The Definitive Guide to Becoming a Successful Freelancer – Part 2

In this part, you will learn more about positioning yourself as a Successful Business Owner Written by Adam Hempenstall
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In the first part of Successful Freelancer Guide we discussed about entering the freelancer world. In this part, we will talk about self-branding. You need to position yourself as a business owner, even though you’re a newbie in that world.

What you need is to get yourself in the mini celebrity bucket so your prices are accepted, high as they are, and you are not questioned. In other words, you are accepted as an authority.

Being a celebrity

I’m using the term ‘celebrity’ but it’s really all about being that unobtainable high value option. You don’t need to be doing video interviews everywhere and have photographers stalking you in the bushes, but it does mean you need to play high status and be great at branding yourself.

High status often just means carefully crafting the presentation of yourself to the business world in such a way that you are perceived to be high value. This can be done in many ways but here are some quick top tips how to be a successful freelance specialist.

Let’s get the ethics objection out the way now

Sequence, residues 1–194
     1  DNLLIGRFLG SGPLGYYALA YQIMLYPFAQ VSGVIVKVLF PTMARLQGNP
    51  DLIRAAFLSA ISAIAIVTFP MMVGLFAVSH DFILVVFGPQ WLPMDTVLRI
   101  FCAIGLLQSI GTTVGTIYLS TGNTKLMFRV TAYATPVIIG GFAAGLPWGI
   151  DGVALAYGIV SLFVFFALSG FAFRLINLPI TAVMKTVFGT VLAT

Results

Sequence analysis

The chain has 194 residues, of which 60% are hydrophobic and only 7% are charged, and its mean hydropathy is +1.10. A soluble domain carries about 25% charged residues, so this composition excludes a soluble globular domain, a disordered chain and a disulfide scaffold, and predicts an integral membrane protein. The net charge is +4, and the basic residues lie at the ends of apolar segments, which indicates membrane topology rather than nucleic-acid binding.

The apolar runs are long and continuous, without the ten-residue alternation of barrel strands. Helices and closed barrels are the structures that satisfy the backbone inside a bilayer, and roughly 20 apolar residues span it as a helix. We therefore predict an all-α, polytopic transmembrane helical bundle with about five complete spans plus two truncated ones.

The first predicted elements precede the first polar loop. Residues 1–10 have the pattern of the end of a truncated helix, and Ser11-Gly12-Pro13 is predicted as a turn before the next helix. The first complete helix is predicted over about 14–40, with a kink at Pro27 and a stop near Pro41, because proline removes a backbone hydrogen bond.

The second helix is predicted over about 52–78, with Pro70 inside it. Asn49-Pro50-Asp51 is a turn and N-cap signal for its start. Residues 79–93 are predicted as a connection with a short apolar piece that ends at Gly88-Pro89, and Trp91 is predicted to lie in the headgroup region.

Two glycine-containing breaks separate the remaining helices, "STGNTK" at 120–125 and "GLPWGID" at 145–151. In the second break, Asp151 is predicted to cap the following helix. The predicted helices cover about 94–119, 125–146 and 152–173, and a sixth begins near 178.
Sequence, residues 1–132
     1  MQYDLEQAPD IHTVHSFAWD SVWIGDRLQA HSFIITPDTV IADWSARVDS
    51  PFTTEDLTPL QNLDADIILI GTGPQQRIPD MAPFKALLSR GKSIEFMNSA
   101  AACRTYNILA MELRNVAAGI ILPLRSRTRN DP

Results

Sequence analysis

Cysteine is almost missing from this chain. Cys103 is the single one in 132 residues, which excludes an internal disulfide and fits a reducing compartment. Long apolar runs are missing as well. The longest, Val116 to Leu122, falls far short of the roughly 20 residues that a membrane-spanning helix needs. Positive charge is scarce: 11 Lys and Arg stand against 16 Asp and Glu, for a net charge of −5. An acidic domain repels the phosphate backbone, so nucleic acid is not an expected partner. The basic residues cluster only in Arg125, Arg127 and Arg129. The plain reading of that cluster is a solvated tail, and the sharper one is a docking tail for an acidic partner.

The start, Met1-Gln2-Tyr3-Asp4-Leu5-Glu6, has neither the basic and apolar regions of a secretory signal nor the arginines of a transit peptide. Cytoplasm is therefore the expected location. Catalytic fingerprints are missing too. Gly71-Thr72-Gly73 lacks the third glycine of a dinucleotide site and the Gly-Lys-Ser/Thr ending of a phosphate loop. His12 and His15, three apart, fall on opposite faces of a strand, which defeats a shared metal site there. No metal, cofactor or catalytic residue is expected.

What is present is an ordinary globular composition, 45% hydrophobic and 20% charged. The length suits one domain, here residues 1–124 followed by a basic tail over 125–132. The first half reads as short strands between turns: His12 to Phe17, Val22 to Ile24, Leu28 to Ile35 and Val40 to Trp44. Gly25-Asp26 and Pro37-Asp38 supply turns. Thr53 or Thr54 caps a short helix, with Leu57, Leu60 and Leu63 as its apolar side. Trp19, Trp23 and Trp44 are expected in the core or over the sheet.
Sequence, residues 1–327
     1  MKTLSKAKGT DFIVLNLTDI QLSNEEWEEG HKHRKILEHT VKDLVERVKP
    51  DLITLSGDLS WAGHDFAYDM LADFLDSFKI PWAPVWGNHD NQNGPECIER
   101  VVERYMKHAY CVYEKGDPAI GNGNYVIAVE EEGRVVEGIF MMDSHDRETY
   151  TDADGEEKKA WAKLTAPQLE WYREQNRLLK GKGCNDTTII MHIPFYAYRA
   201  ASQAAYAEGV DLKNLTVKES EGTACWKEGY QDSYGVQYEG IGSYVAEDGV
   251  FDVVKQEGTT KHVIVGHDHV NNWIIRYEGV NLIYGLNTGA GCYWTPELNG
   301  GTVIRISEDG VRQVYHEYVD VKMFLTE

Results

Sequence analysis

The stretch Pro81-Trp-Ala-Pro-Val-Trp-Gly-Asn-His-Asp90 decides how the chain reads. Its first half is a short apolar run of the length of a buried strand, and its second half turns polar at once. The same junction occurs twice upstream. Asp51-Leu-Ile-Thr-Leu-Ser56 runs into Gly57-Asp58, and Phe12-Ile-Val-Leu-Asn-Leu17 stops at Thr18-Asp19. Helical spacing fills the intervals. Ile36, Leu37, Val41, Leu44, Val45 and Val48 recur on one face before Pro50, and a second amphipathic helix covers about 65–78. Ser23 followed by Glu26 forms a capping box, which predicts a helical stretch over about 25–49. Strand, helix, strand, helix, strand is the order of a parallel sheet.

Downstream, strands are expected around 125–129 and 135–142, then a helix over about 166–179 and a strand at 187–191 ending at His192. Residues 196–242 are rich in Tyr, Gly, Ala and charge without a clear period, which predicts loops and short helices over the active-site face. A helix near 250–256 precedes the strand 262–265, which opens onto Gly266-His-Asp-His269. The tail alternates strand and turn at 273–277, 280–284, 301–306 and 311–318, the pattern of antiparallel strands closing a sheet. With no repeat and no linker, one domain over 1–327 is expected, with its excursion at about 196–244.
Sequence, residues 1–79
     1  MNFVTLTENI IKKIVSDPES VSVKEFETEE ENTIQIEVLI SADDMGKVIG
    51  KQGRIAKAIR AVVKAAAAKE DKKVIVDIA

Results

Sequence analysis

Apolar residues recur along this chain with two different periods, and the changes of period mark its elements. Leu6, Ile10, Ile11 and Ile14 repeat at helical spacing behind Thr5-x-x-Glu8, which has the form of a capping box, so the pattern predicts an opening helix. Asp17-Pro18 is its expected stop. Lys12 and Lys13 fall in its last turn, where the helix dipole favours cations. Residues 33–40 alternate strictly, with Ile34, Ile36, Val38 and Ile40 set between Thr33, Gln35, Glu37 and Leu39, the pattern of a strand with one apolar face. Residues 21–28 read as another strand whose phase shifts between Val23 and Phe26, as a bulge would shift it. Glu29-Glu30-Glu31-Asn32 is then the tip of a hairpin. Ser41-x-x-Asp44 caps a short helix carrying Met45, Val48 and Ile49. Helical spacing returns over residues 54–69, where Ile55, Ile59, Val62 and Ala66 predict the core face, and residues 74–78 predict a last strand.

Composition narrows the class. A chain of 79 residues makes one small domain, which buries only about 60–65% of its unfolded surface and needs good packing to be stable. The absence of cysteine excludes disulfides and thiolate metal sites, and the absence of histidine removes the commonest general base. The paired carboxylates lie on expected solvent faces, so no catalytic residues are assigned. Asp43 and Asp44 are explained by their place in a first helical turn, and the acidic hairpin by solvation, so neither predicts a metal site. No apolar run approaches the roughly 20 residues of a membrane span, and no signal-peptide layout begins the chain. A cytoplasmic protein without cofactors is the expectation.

None of these suggestions are lying, in bad taste, manipulative or whatever other negative connotation you can think of. They are the same things the big freelance workers in the world do, some by necessity, some by design. We’re just going to do it by design first and necessity second.

A slight word of warning here. If you very clearly are a newbie and perhaps very young and don’t have a lot of experience in general and you use these positioning ideas to present yourself as the next Gary Vaynerchuk, everyone will see right through it. There has to be an element of truth to it.

Do not answer the phone

Never pick up a call. What high value person allows themselves to be interrupted by a phone call? Have a friend with a good secretary voice record your voicemail for you: “Hi, you’re through to the office of John Smith. Please leave your reason for calling and an email address and someone will get back to you”.

What does this say? You have an office, you have staff, you’re too busy for phone calls. This is the impression you want to give off.

Always wear a suit

No matter the situation, always wear the most professional outfit you can to any client meeting. For guys, no matter your feelings about it, wear a well fitted, quality suit. For ladies, most likely a blouse with a quality, well fitted jacket. Whatever you do, look your absolute best.

This is not a good look for any kind of professional meeting.

How much more seriously are you going to take this guy here?

Wear the outfit, don’t let it wear you. Stay well groomed and speak loudly and clearly. These are the actions of high value business people which includes you, so this is how you need to present yourself in your personal branding.

Great photos

It’s worth investing in a photoshoot to get some smart, professional head and body shots. The few hundred dollars it’s going to cost you to get a set of quality images of you looking dapper are going to be good for several years at least so it’s worth the money. These will work great as profile pictures, author bios, great for promotion if you’re going to give a talk, the uses are endless.

Calendar availability